As a courier driver or road haulier, you are more at risk of picking up driving penalties. In a previous blog, we looked at the different types of offences and the effect this has on your licence. Here we focus on what you need to do if you accrue penalty points or a conviction, and how this may affect your courier van insurance policy.
Just as night surely follows day, there are absolute certainties in the motoring sector, chiefly among them the rise in traffic offences year upon year. According to the UK Government’s own figures, yearly recorded speeding offences have increased over the last 10 years from 126,693 offences in 2007 to 176,441 offences in 2017.
For many people such as van couriers and taxi drivers who rely upon their vehicles for their livelihood, getting penalty points on their driving licence can not only affect their courier or taxi insurance status, but also can potentially damage their business to the extent that they may be disqualified from working altogether. It’s a sobering thought that an offence such as low-level speeding can incur a fine of £100 and three penalty points.
The Penalty Points System Explained
UK driving licences may be endorsed by order of the courts if you’ve been convicted of an offence concerned with driving or operating a vehicle. An endorsement may also be accompanied by a number of penalty points which can remain on the driving licence for up to 11 years. Each endorsement has a special code and is given ‘penalty points’ on a scale from 1 to 11. You get more points for more serious offences. If the total of points on your licence equals or exceeds 12, the courts may decide to ban you for a period of time.
Some incidents can result in points being given for multiple incidences of the same offence (such as having more than one defective tyre). In fact, most offences typically attract three or more penalty points. Points remain on your record, and an endorsement is put on your driving licence for four years from conviction (eleven years for drink- and drug-related convictions). If you amass 12 points on your licence within 3 years you are likely to face disqualification. It’s not automatic, but it must be decided by a law court. If the ban lasts for 56 days or more, you will need to apply for a new licence.
Declaring Your Penalty Points
Under the Road Traffic Act 1998, you are legally required to inform your insurer if you receive any points on your licence. Failing to declare them could invalidate your insurance policy and the company will not pay out if you need to make a claim. When you have served the rehabilitation period of your conviction, it becomes spent and you don’t have to disclose it.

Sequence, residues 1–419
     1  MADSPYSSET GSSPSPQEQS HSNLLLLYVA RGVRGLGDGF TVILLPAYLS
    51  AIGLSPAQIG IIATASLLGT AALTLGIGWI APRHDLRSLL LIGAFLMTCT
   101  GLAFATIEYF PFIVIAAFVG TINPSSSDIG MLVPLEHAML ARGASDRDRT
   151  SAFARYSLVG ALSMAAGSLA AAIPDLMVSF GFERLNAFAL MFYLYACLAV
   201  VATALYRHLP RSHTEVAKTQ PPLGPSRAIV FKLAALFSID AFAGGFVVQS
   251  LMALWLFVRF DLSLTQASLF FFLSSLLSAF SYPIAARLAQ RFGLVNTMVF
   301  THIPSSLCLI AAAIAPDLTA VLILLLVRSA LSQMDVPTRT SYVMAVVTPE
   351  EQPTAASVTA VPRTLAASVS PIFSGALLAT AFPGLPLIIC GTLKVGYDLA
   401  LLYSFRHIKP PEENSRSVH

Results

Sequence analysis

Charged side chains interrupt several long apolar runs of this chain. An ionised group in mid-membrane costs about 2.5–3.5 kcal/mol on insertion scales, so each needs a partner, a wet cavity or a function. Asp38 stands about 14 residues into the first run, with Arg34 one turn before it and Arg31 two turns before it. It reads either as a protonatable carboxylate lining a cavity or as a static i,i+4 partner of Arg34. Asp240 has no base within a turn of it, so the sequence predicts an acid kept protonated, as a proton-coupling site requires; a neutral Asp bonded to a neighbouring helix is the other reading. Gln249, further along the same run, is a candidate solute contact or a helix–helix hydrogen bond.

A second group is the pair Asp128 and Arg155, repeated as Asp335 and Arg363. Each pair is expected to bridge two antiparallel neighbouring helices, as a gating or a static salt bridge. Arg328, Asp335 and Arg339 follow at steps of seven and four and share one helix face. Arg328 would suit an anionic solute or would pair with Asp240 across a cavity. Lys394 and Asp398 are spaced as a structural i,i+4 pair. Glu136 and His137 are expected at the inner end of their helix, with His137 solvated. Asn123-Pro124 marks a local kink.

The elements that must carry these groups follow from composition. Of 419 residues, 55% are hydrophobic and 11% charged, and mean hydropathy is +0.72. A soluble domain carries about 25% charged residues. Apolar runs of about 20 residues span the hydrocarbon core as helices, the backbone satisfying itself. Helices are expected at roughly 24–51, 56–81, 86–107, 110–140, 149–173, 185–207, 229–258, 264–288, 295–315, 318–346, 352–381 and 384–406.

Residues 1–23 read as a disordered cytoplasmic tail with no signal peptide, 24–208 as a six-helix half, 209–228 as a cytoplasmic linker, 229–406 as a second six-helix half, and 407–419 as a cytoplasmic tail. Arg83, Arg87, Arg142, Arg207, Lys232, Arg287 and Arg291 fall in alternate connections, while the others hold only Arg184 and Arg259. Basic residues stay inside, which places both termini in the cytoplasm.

If you are already insured when you receive any endorsements, you may find that your insurer doesn’t need to know until you renew your policy. However, some insurers will state in their terms and conditions that you should inform them as soon as you receive the points, so always check your policy.
Finding Convicted Driver Insurance
According to a recent report by Wales online, committing a single driving offence can add approximately £139 to your car insurance costs. Combined with data from the DVLA, the report shows car insurance premiums rise the more offences are committed. A second offence increases premiums by a further 15 percent, costing £145 more on average.
Not only do your premiums increase with penalty points, but you are also more limited to the choice of companies that will be willing to give you courier or motor trade insurance in the first place. You may find it more cost-effective to get quotes from companies that specialise in convicted driver insurance, but these are often prohibitively expensive.
When an insurance broker runs a risk assessment on you, they will base their decision on the severity of the conviction. An endorsement for driving whilst under the influence of drink or drugs is going to cost you far more than driving with a substandard tyre. If you have many years of no claims discount accrued, this could also help offset some of the costs if the offence is non-driving related.
Insurers will often charge more if drivers have speeding-related offences, even if they have fewer points. This is because an insurer will assume you are more likely to cause an accident in the future.